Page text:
The Wright paper should be essential reading for any student of Shakespeare’s style. But Vickers uses another trick in the pseudo-scholar’s handbook, that of redefining the term in question, a kind of moving-the-goal-posts trick. Foster used hendiadys in his argument for the Funeral Elegy as Shakespearean, so Vickers proceeded to re-define the examples in the Elegy as non-hendiadys, and to re-define many of Wright’s examples as well! Foster also pointed out many of the likenesses between the Funeral Elegy and “A Lover’s Complaint”, so Vickers then tried to re-define ALC as non-Shakespearean, and the attribution to Davies that resulted is one of the more absurd attributions in the history of Shakespearean scholarship. This technique is not confined to Shakespeare studies, it happens in the sciences too.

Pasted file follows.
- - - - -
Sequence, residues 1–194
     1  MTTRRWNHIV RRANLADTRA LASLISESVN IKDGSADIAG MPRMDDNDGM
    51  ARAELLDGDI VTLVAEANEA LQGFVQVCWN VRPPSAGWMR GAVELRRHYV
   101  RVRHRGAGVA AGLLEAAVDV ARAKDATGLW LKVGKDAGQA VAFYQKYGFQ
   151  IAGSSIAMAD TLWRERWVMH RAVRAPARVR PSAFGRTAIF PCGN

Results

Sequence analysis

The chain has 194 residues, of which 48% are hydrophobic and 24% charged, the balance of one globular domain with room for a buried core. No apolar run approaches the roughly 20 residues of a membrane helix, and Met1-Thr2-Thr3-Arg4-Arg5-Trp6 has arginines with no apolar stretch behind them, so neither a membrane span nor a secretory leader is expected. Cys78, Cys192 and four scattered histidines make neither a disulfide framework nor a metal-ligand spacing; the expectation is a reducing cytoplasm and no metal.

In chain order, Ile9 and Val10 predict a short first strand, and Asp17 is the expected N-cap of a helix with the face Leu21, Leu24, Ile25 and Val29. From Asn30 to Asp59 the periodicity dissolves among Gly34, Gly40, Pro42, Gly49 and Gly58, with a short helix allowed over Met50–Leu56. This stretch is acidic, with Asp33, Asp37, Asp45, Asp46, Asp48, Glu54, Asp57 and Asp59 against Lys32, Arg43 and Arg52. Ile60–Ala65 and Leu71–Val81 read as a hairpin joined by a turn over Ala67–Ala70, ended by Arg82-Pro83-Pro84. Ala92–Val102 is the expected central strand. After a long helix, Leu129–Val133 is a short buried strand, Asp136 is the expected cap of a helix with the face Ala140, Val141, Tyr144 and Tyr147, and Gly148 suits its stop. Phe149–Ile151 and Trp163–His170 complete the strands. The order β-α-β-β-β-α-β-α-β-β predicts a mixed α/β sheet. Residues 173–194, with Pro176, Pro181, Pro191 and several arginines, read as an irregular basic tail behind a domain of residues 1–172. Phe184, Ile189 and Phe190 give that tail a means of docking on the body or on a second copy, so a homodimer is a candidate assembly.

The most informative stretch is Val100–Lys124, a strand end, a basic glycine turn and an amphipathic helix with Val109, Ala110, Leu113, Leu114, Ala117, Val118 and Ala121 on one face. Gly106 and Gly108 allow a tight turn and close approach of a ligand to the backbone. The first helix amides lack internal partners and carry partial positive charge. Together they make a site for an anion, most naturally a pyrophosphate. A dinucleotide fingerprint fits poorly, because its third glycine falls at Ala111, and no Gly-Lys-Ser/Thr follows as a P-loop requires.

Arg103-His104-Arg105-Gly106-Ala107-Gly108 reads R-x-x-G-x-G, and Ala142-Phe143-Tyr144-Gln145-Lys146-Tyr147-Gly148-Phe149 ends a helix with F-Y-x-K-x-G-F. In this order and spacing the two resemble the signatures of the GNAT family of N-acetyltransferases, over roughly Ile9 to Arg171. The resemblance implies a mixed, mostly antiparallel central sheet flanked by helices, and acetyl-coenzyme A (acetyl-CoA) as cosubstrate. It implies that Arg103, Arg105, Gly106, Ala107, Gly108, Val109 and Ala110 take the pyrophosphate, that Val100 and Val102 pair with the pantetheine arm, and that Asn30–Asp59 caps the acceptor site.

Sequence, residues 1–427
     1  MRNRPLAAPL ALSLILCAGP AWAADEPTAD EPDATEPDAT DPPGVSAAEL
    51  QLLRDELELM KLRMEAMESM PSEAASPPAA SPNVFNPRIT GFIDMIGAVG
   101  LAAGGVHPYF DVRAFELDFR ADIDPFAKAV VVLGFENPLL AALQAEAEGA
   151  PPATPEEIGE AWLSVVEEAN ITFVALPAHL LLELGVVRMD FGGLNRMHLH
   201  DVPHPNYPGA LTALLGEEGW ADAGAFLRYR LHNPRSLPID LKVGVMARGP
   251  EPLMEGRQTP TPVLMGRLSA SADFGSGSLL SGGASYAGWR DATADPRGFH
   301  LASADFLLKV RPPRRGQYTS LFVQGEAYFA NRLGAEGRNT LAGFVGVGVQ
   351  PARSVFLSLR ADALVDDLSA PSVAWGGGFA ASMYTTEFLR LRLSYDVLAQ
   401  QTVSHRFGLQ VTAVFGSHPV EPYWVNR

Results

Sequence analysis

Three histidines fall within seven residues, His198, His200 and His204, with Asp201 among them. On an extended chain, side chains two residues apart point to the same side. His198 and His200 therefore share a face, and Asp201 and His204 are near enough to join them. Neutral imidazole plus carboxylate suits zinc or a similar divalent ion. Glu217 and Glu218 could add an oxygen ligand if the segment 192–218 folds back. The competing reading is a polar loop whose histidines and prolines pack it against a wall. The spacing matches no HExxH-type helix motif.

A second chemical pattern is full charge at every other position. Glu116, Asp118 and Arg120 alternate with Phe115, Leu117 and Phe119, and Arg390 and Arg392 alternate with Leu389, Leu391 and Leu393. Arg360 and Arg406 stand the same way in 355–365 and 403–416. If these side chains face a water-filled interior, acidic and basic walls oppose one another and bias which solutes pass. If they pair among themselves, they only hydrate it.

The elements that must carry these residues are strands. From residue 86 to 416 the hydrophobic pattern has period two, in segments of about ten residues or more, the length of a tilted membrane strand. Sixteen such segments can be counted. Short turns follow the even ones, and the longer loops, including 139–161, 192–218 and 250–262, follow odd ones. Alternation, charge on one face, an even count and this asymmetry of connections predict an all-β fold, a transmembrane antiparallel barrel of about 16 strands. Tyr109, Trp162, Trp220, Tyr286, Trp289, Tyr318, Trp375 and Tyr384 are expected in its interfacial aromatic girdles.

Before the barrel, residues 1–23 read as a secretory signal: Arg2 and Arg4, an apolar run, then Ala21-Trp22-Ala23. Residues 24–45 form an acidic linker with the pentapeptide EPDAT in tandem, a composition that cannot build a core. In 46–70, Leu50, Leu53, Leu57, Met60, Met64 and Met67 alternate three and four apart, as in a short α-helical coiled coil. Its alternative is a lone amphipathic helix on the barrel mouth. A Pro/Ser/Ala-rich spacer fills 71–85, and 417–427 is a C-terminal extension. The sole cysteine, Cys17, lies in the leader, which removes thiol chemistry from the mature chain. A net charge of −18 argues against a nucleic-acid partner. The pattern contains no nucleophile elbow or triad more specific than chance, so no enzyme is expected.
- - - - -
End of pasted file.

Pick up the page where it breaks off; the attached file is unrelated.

Over the last 5 years or so it has been claimed that Neandertals mated with early modern humans. Such claims are easy to make when you rely on statistical analysis of genomes, without references to the fossils, or even without reference to basic concepts in evolution, such as speciation. That these two mated seems as unlikely to me as chimps and orangutans mating:



But without the pictures, how would you know? The Neandertal bones are vastly thicker, the orbits are much larger, the skull is low and long, the rib cage is conical like a gorilla’s: